After Privacy: The Rise of Facebook, The Fall of WikiLeaks, and Singapore’s Personal Data Protection Act 2012

This article discusses the changing ways in which information is produced, stored, and shared—exemplified by the rise of social-networking sites like Facebook and controversies over the activities of WikiLeaks—and the implications for privacy and data protection. Legal protections of privacy have always been reactive, but the coherence of any legal regime has also been undermined by the lack of a strong theory of what privacy is. There is more promise in the narrower field of data protection.

Singapore, which does not recognise a right to privacy, has positioned itself as an e-commerce hub but had no law on data protection until the passage of the Personal Data Protection Act 2012. The passage of that law suggests the possibilities and limitations of an approach to data protection that eschews both the European Union’s privacy-rights-based approach and the ad hoc sectoral patches that characterise the U.S. approach to the subject.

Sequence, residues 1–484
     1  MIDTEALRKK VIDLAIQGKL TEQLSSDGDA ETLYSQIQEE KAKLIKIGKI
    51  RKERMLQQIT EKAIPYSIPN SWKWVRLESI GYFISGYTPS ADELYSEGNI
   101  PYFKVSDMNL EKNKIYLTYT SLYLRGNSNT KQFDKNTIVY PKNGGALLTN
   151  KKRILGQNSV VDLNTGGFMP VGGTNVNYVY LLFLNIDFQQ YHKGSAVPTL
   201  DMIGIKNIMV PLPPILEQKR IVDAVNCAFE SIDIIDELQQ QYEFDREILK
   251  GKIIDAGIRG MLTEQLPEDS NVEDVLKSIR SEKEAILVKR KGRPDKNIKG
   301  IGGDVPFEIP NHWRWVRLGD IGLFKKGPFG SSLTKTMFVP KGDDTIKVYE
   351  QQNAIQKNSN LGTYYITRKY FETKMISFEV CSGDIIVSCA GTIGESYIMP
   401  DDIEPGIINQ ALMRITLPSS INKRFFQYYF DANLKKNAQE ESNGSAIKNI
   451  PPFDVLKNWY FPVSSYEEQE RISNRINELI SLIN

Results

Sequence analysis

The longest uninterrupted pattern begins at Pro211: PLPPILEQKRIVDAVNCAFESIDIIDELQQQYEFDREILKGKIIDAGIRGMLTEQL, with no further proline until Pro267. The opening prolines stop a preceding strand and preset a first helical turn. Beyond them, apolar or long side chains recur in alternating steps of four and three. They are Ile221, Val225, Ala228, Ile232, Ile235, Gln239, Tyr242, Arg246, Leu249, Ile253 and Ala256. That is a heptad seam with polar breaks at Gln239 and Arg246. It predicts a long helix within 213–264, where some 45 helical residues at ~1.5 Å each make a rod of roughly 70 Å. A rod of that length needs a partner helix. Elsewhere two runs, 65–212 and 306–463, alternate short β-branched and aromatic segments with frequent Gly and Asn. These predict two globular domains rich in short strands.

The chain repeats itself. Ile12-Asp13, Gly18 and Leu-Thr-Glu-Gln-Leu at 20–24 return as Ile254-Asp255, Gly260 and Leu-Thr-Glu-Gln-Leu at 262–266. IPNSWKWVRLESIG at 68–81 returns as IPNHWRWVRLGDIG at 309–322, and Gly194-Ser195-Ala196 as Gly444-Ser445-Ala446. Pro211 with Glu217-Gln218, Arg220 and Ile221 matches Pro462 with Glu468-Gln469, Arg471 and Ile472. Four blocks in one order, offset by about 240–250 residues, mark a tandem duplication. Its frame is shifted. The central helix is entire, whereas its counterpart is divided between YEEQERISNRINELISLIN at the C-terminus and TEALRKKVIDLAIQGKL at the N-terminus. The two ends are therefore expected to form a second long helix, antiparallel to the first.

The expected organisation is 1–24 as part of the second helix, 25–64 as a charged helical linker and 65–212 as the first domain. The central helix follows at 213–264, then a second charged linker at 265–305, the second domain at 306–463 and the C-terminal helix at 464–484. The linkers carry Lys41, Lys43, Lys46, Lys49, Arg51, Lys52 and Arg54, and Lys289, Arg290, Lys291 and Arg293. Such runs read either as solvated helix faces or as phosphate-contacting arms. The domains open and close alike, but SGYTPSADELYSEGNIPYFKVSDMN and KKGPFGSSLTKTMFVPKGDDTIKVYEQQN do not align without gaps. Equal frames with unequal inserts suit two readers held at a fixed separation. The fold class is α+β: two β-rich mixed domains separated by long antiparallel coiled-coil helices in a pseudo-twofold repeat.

Simon Chesterman, “After Privacy: The Rise of Facebook, The Fall of WikiLeaks, and Singapore’s Personal Data Protection Act 2012[2012] Singapore Journal of Legal Studies 391-415.

Available in full on the Singapore Journal of Legal Studies Web site.